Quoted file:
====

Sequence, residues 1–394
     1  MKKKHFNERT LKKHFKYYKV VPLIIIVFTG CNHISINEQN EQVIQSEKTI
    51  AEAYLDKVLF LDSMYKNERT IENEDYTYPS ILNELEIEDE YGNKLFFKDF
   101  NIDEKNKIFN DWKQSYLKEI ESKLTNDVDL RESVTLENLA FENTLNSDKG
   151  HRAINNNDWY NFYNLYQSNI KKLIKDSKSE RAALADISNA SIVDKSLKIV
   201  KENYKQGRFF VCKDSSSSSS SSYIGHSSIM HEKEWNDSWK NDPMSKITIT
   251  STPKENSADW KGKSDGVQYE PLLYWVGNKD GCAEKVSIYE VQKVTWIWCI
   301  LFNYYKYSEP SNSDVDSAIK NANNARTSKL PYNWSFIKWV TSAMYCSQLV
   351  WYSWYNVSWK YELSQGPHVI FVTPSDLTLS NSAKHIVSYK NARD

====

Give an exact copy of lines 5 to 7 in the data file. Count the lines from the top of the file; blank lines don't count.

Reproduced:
   151  HRAINNNDWY NFYNLYQSNI KKLIKDSKSE RAALADISNA SIVDKSLKIV
   201  KENYKQGRFF VCKDSSSSSS SSYIGHSSIM HEKEWNDSWK NDPMSKITIT
   251  STPKENSADW KGKSDGVQYE PLLYWVGNKD GCAEKVSIYE VQKVTWIWCI